Fashion and style are two very different things and while many people can afford to keep up with fashion, not everyone is lucky enough to master style (or at least one that suits them, anyway). This is the reason why some people dedicate their lives to learning how to master the art of styling.
Personal stylists spend years learning how to style themselves and other people. If you ever need to look good for a special event, you can count on a personal stylist to make that happen for you. Sounds good, right? Especially if you’re the type who’s too busy to figure out what looks good on you and what doesn’t or if you’re NOT the type who enjoys spending long hours shopping for outfits.
Still, personal styling wasn’t something that everybody could afford. At least not until Stitch Fix happened.
The Stitch Fix business model was simple but it wasn’t something that other brands were offering at the time. It relied heavily on the lack of easy, convenient, and affordable options for women to shop online and have the same experience as they would have in stores: pick out a few items, try them on, and purchase only what you like.
Springboarding from her experience with her sister who used to send her style suggestions all the time, Lake dove in and started the brand from her Cambridge, Massachusetts apartment where she was staying while she attended Harvard Business School.
She sent out survey forms to her first customers, used the information they gave her to act like a sort of personal-shopper-slash-stylist, and then delivered the items she handpicked for each and every client to their homes, charging a $20 styling fee on top of what the items cost. Before the year ended, Lake had set up a website for her business, opened up a warehouse in the SOMA district of San Francisco, and shipped over 100 orders.
The years that followed were fruitful, with each one being more amazing and more inspiring than the last. Stitch Fix was making headline after headline and Katrina was getting attention and recognition as one of the most successful female business leaders in the otherwise male-dominated business industry in Silicon Valley.
In November of 2017, Katrina Lake took Stitch Fix (SFIX) public. At the time, Lake was recognized as the youngest-ever female founder/CEO to take a company public and she made sure to make the moment even more inspiring for all the aspiring female entrepreneurs out there by bringing her son up with her to the NASDAQ podium: a bold power move that showed everyone that women can do it all, have it all.
When Stitch Fix was starting, Lake didn’t feel comfortable with the spotlight being on her all the time. She didn’t like being labeled as a top female leader in business. She didn’t consider herself a “feminist” and she never joined any of the women in business clubs. However, after taking her company public with her son on her hip, the photos went viral and she began to realize how important it is for women in business to be represented and for the young girls who dream of being entrepreneurs have someone relatable to look up to.
She knew there weren’t that many people who represented young female entrepreneurs, especially in tech, who were both trying to start a business and a family successfully so she caved. In 2018, Lake was pregnant with her second child and in 2019, she made the decision to take a full maternity leave to set an example to those who aspire to be like her.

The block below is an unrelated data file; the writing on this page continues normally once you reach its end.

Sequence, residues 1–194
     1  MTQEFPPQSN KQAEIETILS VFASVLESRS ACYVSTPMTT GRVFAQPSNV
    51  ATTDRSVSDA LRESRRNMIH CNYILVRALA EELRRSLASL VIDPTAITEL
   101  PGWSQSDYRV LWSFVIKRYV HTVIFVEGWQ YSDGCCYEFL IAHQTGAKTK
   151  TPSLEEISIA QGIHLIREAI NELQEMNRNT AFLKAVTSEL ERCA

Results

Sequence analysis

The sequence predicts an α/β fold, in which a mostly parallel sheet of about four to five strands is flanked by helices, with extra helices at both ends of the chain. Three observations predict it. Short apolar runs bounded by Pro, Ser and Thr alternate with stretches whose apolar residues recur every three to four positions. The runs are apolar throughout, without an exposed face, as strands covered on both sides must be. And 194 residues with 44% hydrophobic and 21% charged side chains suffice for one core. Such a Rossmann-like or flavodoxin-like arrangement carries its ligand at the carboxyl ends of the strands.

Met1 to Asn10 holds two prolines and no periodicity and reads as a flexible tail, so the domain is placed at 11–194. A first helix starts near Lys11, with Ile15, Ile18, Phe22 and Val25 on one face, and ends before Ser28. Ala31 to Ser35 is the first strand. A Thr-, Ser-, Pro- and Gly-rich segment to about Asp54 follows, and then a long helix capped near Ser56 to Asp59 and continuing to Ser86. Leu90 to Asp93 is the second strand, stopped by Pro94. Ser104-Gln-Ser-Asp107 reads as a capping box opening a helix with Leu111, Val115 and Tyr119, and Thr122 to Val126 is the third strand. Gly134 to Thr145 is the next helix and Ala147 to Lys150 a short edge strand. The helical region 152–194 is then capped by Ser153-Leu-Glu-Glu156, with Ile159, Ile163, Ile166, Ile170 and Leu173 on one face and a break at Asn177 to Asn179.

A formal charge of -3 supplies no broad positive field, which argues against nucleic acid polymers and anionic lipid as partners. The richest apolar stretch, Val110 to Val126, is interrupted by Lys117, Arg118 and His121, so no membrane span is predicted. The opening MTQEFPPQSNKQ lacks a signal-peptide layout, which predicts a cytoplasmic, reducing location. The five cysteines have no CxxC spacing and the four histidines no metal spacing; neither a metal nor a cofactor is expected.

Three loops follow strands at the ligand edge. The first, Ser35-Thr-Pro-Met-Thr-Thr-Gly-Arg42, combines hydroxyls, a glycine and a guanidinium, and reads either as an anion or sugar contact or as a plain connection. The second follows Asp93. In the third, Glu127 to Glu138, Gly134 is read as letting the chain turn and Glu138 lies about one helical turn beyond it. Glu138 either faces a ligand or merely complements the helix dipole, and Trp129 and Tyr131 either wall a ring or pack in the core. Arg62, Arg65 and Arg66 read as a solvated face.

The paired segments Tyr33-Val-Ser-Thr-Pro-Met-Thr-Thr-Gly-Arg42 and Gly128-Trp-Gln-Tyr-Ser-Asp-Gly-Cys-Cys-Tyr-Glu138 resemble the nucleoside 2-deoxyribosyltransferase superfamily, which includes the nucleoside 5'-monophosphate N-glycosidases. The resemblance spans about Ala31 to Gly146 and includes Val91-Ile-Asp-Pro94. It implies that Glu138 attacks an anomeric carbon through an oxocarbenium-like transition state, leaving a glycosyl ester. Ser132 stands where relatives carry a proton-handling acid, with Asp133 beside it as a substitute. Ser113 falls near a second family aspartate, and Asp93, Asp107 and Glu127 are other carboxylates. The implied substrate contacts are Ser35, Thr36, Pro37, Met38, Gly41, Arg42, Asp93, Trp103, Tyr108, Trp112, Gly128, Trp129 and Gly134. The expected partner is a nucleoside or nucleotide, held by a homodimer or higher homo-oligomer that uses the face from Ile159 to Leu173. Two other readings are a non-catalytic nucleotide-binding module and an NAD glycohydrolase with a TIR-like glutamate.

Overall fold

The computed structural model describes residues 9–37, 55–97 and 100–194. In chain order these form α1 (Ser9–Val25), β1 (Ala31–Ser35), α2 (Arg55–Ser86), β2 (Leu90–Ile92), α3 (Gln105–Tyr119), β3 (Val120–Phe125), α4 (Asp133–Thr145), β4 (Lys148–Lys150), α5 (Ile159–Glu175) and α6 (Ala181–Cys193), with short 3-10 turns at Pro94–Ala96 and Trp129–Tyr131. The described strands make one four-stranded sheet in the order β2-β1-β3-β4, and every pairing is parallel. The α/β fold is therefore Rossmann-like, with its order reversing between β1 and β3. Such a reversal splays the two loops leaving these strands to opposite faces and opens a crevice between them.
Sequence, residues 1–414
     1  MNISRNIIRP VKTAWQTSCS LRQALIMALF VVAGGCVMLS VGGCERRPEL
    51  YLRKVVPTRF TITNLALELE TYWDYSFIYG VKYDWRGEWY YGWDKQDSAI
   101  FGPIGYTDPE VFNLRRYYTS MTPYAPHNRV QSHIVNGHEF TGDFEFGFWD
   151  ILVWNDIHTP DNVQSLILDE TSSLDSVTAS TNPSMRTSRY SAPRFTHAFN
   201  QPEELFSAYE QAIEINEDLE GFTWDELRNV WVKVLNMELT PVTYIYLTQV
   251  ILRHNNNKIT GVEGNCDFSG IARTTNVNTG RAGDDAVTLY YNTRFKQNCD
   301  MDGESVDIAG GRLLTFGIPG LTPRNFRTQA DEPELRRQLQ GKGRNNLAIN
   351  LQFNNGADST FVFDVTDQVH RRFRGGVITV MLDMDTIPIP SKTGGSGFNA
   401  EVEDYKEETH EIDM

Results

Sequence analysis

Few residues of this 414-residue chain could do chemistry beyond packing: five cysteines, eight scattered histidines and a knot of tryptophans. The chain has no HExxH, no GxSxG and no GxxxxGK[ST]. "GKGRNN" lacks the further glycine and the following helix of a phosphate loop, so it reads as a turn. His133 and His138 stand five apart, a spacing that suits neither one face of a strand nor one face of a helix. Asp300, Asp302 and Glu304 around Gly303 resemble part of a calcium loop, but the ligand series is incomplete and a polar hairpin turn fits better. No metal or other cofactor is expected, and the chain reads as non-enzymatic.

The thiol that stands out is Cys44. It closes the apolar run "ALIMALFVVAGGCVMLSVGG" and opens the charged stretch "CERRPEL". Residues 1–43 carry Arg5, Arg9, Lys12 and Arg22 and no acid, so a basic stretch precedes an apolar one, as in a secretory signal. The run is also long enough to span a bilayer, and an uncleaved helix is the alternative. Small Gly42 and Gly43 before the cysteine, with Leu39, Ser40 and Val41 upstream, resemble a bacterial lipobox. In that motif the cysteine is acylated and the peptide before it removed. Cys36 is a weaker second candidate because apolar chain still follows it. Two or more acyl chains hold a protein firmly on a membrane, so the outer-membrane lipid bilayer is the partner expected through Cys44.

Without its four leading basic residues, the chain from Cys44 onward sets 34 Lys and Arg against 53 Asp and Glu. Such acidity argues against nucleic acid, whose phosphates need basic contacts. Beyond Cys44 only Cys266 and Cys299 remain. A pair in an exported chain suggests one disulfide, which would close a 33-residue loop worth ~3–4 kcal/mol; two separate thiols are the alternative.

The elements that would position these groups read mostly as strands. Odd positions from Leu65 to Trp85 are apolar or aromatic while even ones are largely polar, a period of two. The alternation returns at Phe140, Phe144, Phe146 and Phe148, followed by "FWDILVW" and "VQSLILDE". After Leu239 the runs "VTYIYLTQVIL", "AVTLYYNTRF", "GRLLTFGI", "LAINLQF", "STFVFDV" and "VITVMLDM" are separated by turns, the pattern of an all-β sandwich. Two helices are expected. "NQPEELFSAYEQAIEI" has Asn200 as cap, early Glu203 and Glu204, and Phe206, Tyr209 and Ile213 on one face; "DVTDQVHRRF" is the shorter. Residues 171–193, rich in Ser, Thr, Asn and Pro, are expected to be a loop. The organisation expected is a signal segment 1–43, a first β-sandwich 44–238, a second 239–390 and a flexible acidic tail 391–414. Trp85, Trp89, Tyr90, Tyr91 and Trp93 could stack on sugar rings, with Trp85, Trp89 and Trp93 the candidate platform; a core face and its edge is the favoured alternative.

With this move, she hoped to be an example to those inside and outside of the Stitch Fix family. Lake values and recognizes how important the child-bearing years are and she encourages her people to make the most out of these years as she has. She knows there isn’t a lot of great precedent for career women, especially women in power, of how to handle and balance life and work at this age. All the more reason for Lake to want to set a precedent for other mothers.
Just a couple of years before, Yahoo’s CEO, Marissa Mayer, was slammed by critics for taking a minimal two-week long maternity leave as opposed to the full sixteen weeks. While some saw this to be the ultimate picture of what it’s like to be a career woman in America, others reacted negatively and said that it shouldn’t be. This is the exact opposite of what Lake hoped to achieve.
Taking a tour of the Stitch Fix headquarters in San Francisco, it’s apparent how important it is to Lake to encourage working moms to be their best personally and professionally. They’ve set up dedicated lactation rooms where breastfeeding moms can pump in comfort without fear of another co-worker walking in on them.Their maternity package is one of the best out there and they also have a paternity leave policy that allows dads to spend just as much time with their newborn babies as moms.
Today, despite the pandemic’s devastating blow on the economy, Stitch Fix sales continue to soar high. They have since expanded its market to cater to men and kids which further boosted sales. They’ve also extended their reach and have started catering to clients outside of the United States, starting with those from the UK.
Katrina continues to strive to make Stitch Fix a women-centric and women-friendly workplace without compromising equality, especially in terms of maternity and paternity leaves and benefits, for their employees.
Learn more about Stitch Fix here.